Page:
Redgrave starred in ‘Georgy Girl’

  • Mon May 3rd, 2010 10:30pm
  • News

Associated Press

NEW YORK — Lynn Redgrave, an introspective and independent player in her family’s acting dynasty who became a 1960s sensation as the unconventional title character of “Georgy Girl” and later dramatized her troubled past in such one-woman stage performances as “Shakespeare for My Father” and “Nightingale,” has died at 67.

Her publicist said Redgrave died peacefully Sunday night at her home in Kent, Conn. Children Ben, Pema and Annabel were with her, as were close friends.

Redgrave was diagnosed with breast cancer in December 2002, had a mastectomy in January 2003 and underwent chemotherapy.

The youngest child of Michael Redgrave and Rachel Kempson, Lynn Redgrave never quite managed the acclaim — or notoriety — of elder sibling Vanessa Redgrave, but received Oscar nominations for “Georgy Girl” and “Gods and Monsters,” and Tony nominations for “Mrs. Warren’s Profession,” “Shakespeare for My Father” and “The Constant Wife.”

She also appeared in movies “Shine,” “Peter Pan,” “Kinsey” and “Confessions of a Shopaholic.”

In recent years, she also made appearances on TV in “Ugly Betty,” “Law &Order” and “Desperate Housewives.”

“Vanessa was the one expected to be the great actress,” Lynn Redgrave said in 1999. “It was always, ‘Corin’s the brain, Vanessa the shining star, oh, and then there’s Lynn.’ ”

In theater, the ruby-haired Redgrave often displayed a sunny, sweet and open personality, much like her offstage personality. It worked well in such shows as “Black Comedy” — her Broadway debut in 1972 — and again two years later in “My Fat Friend,” a comedy about an overweight young woman who sheds pounds to find romance.

Redgrave’s play “Nightingale” at Manhattan Theatre Club in 2009 was the last time she appeared on stage in New York.

“We admired her strength, her talent, her courage and her enormous good heart,” said Lynne Meadow, artistic director of MTC. “There wasn’t a stage hand, a press rep, a box office person who didn’t worship Lynn. She was true theater royalty.”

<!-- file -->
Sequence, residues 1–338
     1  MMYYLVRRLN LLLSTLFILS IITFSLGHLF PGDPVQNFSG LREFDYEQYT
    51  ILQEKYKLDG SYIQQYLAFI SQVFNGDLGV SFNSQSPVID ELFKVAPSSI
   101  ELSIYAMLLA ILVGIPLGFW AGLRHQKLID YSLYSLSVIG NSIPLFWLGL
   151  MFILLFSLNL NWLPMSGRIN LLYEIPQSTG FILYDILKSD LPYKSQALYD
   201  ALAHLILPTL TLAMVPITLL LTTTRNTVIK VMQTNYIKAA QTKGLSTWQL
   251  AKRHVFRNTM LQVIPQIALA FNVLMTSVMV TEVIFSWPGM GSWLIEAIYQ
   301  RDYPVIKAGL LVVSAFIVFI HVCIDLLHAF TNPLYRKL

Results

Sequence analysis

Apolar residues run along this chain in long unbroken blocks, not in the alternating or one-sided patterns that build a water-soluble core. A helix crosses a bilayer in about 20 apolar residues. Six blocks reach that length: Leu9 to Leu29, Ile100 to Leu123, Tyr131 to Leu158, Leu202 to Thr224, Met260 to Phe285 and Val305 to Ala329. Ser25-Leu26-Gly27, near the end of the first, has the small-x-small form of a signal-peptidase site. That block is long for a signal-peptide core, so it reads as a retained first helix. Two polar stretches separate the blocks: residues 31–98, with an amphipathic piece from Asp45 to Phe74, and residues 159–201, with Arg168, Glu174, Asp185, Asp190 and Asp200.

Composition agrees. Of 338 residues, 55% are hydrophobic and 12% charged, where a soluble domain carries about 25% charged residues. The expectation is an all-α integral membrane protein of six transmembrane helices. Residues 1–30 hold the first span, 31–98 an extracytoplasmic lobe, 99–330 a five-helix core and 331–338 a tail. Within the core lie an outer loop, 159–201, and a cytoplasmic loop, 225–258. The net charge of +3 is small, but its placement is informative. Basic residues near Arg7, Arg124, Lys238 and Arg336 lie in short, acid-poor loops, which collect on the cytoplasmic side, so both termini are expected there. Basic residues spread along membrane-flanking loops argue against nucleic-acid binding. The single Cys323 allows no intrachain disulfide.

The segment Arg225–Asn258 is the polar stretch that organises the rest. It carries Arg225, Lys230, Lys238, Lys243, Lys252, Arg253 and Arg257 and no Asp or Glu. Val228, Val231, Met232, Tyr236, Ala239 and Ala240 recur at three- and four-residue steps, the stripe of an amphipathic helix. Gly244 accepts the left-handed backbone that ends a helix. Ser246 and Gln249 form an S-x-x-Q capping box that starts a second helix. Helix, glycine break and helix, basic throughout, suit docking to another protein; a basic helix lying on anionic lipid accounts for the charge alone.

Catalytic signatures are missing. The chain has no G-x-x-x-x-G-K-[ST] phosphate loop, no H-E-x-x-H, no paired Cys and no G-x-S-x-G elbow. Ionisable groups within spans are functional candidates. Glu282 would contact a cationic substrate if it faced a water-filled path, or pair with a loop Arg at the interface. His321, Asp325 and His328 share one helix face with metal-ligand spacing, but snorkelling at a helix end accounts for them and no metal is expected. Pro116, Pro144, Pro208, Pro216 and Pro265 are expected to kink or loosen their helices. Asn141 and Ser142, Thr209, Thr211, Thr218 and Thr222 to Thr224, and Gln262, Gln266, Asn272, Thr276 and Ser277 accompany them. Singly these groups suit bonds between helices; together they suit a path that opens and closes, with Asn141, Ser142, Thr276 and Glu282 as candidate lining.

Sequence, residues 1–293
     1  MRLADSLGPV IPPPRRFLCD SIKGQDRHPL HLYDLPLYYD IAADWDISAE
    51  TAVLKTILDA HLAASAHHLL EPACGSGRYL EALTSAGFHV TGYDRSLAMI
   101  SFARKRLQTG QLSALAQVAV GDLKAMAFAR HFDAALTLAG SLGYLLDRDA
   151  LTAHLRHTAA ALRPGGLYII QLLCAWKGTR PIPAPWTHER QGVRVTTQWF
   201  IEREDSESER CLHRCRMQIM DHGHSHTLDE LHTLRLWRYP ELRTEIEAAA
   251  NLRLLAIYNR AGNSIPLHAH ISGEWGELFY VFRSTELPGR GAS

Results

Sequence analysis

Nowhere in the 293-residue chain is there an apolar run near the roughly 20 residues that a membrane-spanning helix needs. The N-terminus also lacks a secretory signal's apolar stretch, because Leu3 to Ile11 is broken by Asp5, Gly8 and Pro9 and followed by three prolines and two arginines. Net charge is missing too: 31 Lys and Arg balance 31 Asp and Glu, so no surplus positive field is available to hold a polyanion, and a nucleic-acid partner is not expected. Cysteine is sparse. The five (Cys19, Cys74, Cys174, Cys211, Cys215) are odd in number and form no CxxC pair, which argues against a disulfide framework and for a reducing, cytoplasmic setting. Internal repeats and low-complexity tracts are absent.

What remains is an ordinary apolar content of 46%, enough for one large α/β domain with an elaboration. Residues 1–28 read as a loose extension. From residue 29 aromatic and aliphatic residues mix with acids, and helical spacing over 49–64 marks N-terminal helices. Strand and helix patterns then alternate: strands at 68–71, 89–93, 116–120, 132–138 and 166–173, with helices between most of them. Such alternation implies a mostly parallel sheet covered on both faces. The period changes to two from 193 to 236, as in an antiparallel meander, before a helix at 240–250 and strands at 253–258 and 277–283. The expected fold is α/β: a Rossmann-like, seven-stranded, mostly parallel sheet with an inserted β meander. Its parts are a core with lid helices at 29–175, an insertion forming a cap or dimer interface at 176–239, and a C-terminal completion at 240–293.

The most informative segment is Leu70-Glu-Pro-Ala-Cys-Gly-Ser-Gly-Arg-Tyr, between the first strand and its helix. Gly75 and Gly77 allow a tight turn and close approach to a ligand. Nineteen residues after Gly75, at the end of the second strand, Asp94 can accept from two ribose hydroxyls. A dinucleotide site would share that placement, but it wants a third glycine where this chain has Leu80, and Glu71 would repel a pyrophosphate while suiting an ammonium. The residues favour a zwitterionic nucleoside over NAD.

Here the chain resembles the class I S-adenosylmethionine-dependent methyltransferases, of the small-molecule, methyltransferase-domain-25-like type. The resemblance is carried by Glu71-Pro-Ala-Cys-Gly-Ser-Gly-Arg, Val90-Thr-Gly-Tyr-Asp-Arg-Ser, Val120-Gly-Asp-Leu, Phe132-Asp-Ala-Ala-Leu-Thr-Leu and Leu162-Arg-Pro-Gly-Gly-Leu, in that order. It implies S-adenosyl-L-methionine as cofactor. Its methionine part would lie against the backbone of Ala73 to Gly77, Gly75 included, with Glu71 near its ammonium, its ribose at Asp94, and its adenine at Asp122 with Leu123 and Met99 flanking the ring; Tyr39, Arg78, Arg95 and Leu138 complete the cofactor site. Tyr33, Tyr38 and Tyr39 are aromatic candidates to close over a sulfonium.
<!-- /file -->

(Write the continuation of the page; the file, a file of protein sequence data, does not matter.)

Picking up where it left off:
In plays and in interviews, Lynn Redgrave confided about her family, her marriage and her health.

She acknowledged that she suffered from bulimia, and served as a spokeswoman for Weight Watchers. With daughter Annabel Clark, she released a 2004 book about her fight with cancer, “Journal: A Mother and Daughter’s Recovery From Breast Cancer.”

Redgrave was born in London in 1943 and despite self-doubts pursued the family trade. She was not yet 20 when she debuted professionally on stage in a London production of “A Midsummer’s Night Dream.” She appeared in plays and in films, working under Noel Coward and Laurence Olivier as a member of the National Theater and under director/brother-in-law Tony Richardson in the 1963 screen hit “Tom Jones.”

True fame caught her with “Georgy Girl,” billed as “the wildest thing to hit the world since the miniskirt.” The 1966 film starred Redgrave as the plain, childlike Londoner pursued by her father’s middle-aged boss, played by James Mason.

“Georgy Girl” didn’t lead to lasting commercial success, but did anticipate a long-running theme: Redgrave’s weight. She weighed 180 pounds while making the film, leading New York Times critic Michael Stern to complain that Redgrave “cannot be quite as homely as she makes herself in this film.

Films such as “The Happy Hooker” and “Every Little Crook and Nanny” were remembered less than Redgrave’s decision to advocate for Weight Watchers. She even referenced “Georgy Girl” in one commercial, showing a clip and saying, “This was me when I made the movie, because this is the way I used to eat.”

At age 50, Redgrave was ready to tell her story in full.

As she wrote in the foreword to “Shakespeare for My Father,” she was out of work and set off on a “journey that began almost as an act of desperation,” writing a play out of her “passionately emotional desire” to better understand her father, who had died in 1985.

Redgrave remembered her father as a fearless stage performer yet a shy, tormented man who had great difficulty talking to his youngest daughter.

“I didn’t really know him,” Redgrave said in 1993. “I lived in his house. I was in awe of him and I adored him, and I was terrified of him and I hated him and I loved him, all in one go.”

Redgrave credited the play, which interspersed readings from Shakespeare with family memories, with bringing her closer to her relatives and reviving her film career.